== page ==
My internship with Special Collections Research Center (SCRC) has been incredibly enjoyable! I have gotten to handle a broad range of materials and collections. I mostly worked on processing various collections. While I only finished three complete collections, I was able to see the various states that they arrive in (for better or worse) and see just how much work goes into each collection. Everything from sorting to labelling and creating inventories as well as creating the finding aid I handled. Of course not every part of processing is enjoyable, newspaper clippings are not fun to work with as I learned and everyone agreed. The first collection I worked on was the Vincent F. Callahan collection, who I learned was a local politician. This was a collection of newspaper clippings about Callahan and his work that came to SCRC mostly unsorted. I spent much of my time organizing the collection into groups based on the publications before foldering them by date and newspaper. This took a surprising amount of time given the apparent size of the collection. After I finished the Callahan collection I also worked on the Hugh Sockett Institution for Educational Transformation (IET) Records. This was primarily composed of the papers and records for IET during Sockett’s tenure at the Institution. This was considerably better organized than the Callahan collection and was able to be completed much faster. My final collection during my internship was the Paul Ceruzzi Papers, which was primarily research for his book, “Internet Alley: High Technology in Tysons Corner, 1945-2005” and is full of interesting research into the history of the local Fairfax area and the development of technology and the Internet in the Cold War period and beyond.  Previously, I did not distinguish much between archives and museums, but after doing this internship I can better appreciate both the similarities and the differences between the two institutions. In addition to my processing duties I also helped with rewriting the finding aids for previously processed collections. Overall I enjoyed my time at the George Mason University SCRC, and if given the opportunity I would continue working here more regularly.

Documents arranged into acid-free folders.

This internship complements my academic interests because I have always been interested in the writings and documents of people in our past. Both the everyday commoners and the people who are talked about in major history books. Seeing these collections is both like getting to see the creation of history and getting to see the process behind how history is researched and talked about. My academic interests are mostly historical but also range into the sciences, particularly space, biology, and early technology. As a side effect of my internship, particularly when working with the collection donated by Ceruzzi, I have been able to learn more about the Space Race and the feats associated with that. My historical interests are centered around the Viking Age and pre-Columbian Native Americans and Mesoamericans, but I am interested in all things history related. I have always loved visiting museums and recently become interested in working in either a museum or an archive. While I do not yet have a solid goal in mind, my next step after George Mason will be a Master’s degree and a journey into either the world of archives or the world of museums. Prior to doing this internship, I had some exposure to the SCRC from some of my classes that have held workshops there and through my own visits as a researcher. Of course, the convenient location at my university made SCRC seem like an excellent place to intern and I was interested in pursuing the internship because of the experience and guidance it could provide for my future.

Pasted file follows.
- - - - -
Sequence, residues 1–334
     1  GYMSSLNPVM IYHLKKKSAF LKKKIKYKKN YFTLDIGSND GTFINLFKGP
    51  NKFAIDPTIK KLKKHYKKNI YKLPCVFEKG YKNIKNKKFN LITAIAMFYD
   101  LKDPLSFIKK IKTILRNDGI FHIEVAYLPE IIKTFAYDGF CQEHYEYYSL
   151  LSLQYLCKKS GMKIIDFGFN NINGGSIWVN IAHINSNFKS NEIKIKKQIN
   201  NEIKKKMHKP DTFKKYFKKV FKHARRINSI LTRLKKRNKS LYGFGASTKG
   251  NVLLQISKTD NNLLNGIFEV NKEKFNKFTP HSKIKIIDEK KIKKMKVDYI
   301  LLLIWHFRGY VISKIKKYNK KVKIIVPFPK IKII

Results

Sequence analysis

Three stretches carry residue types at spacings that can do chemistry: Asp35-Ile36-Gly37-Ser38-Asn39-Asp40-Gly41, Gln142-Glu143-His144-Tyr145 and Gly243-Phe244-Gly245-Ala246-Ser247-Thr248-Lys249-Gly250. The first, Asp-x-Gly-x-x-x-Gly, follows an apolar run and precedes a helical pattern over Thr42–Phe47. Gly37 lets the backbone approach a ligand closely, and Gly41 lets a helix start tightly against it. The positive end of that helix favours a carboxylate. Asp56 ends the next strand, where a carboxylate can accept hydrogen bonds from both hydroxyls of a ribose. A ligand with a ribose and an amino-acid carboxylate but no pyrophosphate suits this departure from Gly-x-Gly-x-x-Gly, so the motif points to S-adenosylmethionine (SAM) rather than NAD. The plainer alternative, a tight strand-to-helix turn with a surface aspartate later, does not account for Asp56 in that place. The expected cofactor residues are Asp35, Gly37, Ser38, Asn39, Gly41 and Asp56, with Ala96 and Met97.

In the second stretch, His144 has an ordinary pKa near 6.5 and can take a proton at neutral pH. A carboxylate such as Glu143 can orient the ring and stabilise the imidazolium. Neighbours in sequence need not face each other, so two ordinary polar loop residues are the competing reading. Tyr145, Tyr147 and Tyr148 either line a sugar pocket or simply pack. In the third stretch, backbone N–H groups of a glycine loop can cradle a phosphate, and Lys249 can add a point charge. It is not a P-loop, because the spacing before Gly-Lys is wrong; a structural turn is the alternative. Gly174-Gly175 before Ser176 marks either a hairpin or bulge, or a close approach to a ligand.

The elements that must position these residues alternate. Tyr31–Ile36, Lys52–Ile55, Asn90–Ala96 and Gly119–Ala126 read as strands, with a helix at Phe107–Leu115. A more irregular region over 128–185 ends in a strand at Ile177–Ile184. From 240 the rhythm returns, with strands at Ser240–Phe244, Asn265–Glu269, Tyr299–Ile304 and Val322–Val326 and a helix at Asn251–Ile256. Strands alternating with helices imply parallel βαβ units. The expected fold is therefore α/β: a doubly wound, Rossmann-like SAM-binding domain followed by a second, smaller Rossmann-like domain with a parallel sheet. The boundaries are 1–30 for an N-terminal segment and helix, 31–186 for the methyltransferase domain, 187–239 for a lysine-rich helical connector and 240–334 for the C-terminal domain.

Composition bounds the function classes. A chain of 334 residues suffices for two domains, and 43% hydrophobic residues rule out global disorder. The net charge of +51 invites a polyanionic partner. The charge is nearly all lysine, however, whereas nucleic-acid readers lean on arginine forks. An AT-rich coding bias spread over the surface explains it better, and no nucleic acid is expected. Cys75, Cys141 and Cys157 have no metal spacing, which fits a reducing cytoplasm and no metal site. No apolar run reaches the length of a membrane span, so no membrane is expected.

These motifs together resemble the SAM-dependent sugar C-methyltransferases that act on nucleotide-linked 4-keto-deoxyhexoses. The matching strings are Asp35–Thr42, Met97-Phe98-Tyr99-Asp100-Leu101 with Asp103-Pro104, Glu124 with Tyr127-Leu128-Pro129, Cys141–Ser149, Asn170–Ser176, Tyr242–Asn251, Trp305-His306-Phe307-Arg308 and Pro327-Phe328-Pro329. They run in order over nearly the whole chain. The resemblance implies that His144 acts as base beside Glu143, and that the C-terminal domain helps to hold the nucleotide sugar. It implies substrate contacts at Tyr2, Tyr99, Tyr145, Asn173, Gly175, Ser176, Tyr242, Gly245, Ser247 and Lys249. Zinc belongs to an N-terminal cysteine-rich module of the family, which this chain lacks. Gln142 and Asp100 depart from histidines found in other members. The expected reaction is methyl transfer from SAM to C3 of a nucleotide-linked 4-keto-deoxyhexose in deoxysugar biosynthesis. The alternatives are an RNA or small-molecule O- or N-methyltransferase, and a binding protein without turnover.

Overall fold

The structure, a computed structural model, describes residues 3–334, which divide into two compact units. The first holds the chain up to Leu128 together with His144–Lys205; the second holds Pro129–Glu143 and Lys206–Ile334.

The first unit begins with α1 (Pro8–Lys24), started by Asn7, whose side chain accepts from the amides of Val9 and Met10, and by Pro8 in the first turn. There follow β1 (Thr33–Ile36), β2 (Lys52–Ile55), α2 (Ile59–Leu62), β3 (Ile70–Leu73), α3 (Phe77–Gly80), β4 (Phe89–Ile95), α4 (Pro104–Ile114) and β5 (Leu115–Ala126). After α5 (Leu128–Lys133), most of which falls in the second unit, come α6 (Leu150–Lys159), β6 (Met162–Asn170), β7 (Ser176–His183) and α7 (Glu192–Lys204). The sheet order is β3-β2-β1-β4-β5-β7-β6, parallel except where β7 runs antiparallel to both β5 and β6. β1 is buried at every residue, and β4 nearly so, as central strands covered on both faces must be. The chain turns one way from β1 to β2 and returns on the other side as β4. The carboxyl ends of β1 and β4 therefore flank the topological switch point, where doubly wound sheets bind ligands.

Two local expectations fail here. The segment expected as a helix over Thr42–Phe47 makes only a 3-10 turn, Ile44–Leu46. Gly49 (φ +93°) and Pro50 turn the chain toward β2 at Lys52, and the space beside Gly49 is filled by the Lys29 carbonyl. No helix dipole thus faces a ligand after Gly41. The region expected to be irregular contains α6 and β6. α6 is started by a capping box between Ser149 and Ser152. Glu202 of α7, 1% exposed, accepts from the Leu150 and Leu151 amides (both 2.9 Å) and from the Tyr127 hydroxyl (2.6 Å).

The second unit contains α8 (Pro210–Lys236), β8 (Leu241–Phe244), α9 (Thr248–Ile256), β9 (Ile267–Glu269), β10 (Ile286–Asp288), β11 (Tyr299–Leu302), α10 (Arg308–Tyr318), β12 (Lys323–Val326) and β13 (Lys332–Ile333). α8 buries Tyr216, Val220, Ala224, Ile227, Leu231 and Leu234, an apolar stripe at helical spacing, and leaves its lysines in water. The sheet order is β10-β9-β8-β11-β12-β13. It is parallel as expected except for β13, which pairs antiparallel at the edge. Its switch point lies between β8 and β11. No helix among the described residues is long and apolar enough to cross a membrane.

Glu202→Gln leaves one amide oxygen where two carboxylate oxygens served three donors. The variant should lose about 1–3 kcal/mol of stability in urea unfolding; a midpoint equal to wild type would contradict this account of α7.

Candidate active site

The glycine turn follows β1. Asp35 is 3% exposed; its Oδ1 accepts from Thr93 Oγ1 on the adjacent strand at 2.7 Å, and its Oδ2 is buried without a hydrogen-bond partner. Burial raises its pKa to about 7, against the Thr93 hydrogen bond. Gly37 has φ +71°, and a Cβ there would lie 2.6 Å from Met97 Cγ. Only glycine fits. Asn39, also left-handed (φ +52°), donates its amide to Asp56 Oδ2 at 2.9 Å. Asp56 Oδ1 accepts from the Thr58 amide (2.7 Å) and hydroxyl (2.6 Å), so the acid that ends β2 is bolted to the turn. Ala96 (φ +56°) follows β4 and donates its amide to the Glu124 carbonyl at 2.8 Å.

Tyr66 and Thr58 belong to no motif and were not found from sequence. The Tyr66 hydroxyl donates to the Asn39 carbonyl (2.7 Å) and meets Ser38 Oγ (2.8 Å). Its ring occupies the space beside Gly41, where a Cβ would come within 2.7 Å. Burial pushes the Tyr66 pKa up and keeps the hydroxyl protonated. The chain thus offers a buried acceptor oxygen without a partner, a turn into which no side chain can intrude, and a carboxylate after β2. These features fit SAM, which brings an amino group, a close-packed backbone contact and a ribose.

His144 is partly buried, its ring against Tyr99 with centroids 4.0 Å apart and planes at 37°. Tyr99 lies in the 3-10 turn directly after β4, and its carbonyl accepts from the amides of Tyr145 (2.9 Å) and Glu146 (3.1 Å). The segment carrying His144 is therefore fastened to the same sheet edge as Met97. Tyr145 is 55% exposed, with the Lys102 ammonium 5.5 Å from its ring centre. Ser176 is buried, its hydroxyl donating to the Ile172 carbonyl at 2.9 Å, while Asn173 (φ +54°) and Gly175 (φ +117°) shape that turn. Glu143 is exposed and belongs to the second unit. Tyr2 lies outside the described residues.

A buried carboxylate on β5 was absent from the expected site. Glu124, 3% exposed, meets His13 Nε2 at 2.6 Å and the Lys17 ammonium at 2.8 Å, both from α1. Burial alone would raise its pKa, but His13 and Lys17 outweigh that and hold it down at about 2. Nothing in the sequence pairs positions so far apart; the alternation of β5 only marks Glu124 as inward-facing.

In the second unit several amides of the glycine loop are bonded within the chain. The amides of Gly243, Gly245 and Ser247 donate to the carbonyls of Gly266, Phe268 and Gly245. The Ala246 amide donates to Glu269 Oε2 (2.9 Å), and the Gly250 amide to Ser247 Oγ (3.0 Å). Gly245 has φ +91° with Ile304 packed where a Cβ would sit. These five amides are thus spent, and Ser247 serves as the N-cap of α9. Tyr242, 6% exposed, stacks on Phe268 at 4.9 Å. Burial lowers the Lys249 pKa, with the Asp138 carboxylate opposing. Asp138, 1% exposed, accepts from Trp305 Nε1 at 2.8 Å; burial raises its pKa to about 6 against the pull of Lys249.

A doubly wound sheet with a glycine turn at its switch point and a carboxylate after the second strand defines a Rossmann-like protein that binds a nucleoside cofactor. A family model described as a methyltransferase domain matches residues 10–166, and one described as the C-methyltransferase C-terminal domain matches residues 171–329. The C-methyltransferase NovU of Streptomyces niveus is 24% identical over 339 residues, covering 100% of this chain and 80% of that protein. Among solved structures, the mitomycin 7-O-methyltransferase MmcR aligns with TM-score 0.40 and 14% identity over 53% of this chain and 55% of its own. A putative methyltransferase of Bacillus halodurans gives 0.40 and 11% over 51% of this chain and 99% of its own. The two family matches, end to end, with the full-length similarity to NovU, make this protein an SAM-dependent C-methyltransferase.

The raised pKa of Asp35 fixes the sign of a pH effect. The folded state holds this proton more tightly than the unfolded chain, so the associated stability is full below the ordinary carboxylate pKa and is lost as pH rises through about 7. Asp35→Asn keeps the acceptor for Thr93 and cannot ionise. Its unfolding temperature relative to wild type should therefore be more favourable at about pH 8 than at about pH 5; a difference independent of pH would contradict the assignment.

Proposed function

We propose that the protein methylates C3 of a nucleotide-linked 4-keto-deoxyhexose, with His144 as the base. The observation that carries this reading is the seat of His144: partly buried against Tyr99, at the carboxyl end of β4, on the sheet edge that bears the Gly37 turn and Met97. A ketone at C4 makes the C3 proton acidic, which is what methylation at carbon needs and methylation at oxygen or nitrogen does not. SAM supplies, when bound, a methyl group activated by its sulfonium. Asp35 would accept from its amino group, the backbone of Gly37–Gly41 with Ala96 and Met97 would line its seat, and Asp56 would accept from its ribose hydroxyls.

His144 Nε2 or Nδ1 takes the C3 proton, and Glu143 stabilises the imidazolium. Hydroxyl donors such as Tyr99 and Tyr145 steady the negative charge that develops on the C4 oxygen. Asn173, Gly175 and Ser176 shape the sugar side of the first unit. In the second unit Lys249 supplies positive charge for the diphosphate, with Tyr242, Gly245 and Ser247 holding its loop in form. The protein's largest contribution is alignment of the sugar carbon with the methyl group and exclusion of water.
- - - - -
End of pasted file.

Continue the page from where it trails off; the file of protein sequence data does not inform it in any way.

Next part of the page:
Travel Series: The British Isles

The British Isles – made up of the United Kingdom of Great Britain (including England, Scotland, and Wales) and Northern Ireland – are some of the most traveled and beautiful countries in the world. Though not officially considered a part of the British Isles by their own government, Ireland is often associated with this group of nations, and is equally stunning and rich in culture in its own right. For our summer exhibit “Around the World in (Almost) 80 Days,” we here at Special Collections Research Center wanted to ensure that one exhibit case was dedicated to those lovely islands across the pond, with as much representation from its various countries as possible.

Our exhibit case dedicated to materials about or from the British Isles.

Perhaps the most fascinating object in our British Isles case is the rubbing of a 13th century brass engraving. Seemingly made with butcher paper and a waxy crayon, this rubbing from the Bernard Brenner brass rubbings collection depicts a knight dressed completely in armor, a sword at his hip, with his loyal companion – a dog – sitting at his feet. 

Close-up of Brass Rubbing of a Knight in the British Isles exhibit case.

Rubbings of brass, stone, or other materials have been practiced for centuries, beginning in China in the 7th century when this method was used to make copies of inscribed stone records.* Perhaps the most well-known usage of rubbings today is gravestone rubbing (though somewhat controversial.) No matter the object, time period, or individual, the idea is essentially the same – to transfer information that the object provides into a more portable format, whether to collect, use later for study, or simply to admire. When it comes to British brass rubbings specifically, our finding aid on the Brenner collection offers some crucial information on this practice:

“Brass rubbing is a technique to reproduce exactly the engraving on a monumental brass. Rubbings are made by carefully pressing paper onto a carved or incised surface so that the paper conforms to features to be copied. The paper is then blacked and the projecting areas of the surface become dark, while indented areas remain white. In Europe the technique of rubbing is almost exclusively applied to monumental brasses. Monumental brasses are usually figures, inscriptions, shields or other devices, engraved in plate brass and laid as memorials. Brasses originated in Europe where they first appeared in the thirteenth century. Brasses in churches are an important source of heraldic information. It was formerly a custom to put a brass over the grave slab, and on this would be shown a figure of the deceased with his armorial bearings.”